On September 21, join University of California President Janet Napolitano and Dean of the School of Social Sciences and Government at Tecnológico de Monterrey Alejandro Poiré at a forum that will address the current state and prospective future of U.S.-Mexico trade relations in light of the current policy and political climate. This event is co-sponsored by partners including the Mexican Council on Foreign Relations and the Progressive Policy Institute.
With a long and complex history, the relationship between the United States and Mexico is one of great importance, and one that is dependent on many shared economic, social, cultural and political priorities. The implementation of the North American Free Trade Agreement (NAFTA) in 1994 signaled a new beginning in the countries’ relationship, opening the Mexican economy to much of the world for the first time. But in the wake of a new presidential administration – from talks of renegotiating NAFTA, to building a border wall, to shifting immigration priorities – the future of U.S.-Mexico trade relations is uncertain.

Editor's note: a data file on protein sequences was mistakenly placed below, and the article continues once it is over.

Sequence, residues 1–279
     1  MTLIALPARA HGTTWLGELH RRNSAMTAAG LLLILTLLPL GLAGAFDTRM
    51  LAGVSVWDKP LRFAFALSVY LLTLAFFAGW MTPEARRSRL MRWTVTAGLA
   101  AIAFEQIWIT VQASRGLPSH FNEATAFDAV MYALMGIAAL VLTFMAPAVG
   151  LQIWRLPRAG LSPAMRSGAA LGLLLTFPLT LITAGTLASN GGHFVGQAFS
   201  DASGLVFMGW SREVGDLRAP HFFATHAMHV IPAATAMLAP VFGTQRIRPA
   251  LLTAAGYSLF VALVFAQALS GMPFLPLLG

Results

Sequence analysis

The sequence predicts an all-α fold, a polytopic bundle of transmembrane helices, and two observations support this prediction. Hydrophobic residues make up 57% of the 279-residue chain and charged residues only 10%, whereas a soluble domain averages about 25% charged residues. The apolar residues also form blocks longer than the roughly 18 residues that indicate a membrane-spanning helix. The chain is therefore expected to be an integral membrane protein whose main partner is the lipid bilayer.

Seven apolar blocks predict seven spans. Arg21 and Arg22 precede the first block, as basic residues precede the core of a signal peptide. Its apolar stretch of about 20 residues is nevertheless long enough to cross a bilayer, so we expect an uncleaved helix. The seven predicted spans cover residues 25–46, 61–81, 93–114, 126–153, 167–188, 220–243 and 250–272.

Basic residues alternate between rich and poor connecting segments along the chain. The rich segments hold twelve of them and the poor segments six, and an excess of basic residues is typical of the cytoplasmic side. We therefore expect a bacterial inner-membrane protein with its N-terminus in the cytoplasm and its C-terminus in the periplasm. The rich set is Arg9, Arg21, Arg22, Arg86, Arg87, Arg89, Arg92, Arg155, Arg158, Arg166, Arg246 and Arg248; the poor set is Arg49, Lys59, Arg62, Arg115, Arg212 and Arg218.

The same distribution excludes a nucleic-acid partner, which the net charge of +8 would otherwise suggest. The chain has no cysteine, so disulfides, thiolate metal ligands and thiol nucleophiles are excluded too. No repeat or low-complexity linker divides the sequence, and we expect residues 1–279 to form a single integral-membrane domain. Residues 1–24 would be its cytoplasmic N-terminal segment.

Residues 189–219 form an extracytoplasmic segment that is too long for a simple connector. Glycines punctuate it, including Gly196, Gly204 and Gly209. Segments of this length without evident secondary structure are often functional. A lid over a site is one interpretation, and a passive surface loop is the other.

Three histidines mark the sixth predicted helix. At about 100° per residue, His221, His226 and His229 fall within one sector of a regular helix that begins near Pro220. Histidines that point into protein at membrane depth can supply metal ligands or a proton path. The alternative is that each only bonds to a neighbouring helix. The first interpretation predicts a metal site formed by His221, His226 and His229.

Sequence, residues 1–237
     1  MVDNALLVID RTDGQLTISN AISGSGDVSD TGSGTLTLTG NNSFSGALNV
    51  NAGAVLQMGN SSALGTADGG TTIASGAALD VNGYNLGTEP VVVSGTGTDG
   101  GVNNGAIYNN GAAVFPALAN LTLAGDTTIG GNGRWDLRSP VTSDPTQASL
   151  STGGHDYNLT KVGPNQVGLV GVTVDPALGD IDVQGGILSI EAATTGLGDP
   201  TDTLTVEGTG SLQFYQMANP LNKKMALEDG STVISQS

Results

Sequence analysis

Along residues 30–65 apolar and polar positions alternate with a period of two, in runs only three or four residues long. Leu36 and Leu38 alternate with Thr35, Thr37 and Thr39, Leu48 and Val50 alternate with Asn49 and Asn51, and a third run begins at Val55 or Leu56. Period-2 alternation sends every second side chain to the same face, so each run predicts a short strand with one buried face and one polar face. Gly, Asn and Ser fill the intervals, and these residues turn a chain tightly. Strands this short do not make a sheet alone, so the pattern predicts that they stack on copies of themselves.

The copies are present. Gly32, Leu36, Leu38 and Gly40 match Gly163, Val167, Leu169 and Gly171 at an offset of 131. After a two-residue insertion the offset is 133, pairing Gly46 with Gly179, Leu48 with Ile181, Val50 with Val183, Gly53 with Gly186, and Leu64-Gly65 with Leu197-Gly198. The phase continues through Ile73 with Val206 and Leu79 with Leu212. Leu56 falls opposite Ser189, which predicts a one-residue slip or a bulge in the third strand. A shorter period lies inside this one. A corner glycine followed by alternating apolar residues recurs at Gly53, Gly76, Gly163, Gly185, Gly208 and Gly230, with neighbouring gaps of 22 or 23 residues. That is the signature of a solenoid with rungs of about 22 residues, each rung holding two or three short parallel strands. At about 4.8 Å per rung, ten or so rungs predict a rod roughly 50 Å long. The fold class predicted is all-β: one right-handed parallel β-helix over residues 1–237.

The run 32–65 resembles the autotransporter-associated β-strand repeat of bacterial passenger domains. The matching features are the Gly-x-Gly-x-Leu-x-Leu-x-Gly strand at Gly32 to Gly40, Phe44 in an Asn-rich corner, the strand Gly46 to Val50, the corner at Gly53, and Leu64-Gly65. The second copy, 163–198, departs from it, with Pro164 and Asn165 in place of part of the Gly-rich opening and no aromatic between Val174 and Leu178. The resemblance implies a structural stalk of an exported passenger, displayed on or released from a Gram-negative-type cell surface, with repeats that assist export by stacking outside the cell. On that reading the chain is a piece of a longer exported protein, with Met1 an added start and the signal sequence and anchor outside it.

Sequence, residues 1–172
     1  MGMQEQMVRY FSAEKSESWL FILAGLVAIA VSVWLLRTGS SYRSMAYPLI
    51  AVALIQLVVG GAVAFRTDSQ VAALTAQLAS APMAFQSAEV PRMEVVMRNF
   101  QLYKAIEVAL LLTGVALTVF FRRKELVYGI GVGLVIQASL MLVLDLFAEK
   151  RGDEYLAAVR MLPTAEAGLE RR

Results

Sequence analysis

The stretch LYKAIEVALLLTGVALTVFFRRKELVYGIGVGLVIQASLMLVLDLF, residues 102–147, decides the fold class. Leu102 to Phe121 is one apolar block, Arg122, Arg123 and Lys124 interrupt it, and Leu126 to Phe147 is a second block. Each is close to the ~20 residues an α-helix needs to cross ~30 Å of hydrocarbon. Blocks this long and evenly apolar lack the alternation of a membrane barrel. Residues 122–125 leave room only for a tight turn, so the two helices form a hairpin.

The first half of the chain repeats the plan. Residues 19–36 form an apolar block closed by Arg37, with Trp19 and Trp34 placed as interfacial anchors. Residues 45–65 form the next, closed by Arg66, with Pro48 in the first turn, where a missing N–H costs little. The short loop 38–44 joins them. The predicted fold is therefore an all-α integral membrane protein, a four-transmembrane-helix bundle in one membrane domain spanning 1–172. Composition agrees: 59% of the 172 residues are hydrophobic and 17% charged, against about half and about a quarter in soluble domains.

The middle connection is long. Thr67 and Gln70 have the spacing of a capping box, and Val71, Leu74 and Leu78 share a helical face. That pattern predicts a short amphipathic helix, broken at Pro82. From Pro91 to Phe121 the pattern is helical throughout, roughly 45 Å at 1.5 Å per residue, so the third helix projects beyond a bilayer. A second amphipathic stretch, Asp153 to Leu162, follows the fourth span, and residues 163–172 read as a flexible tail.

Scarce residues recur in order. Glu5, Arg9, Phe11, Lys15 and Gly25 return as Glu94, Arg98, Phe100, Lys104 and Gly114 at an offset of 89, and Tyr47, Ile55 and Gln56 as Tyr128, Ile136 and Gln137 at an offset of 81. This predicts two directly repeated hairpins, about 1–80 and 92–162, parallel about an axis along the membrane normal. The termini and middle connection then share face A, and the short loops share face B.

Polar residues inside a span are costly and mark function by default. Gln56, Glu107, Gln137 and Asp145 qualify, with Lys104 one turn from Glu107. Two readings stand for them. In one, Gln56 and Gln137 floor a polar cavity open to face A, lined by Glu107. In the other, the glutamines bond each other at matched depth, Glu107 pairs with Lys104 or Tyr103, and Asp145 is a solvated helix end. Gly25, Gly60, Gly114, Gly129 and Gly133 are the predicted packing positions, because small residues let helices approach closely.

Please join us in participating in a dialogue on free trade agreements, and specifically the impact NAFTA has had on the economy, jobs and labor mobility, education, national security and trade in the United States, Mexico and Canada, as well as some of the more targeted impacts of the existing trade agreement, including NAFTA’s impact on small, women and minority-owned busineses; rural and western economies; and e-commerce.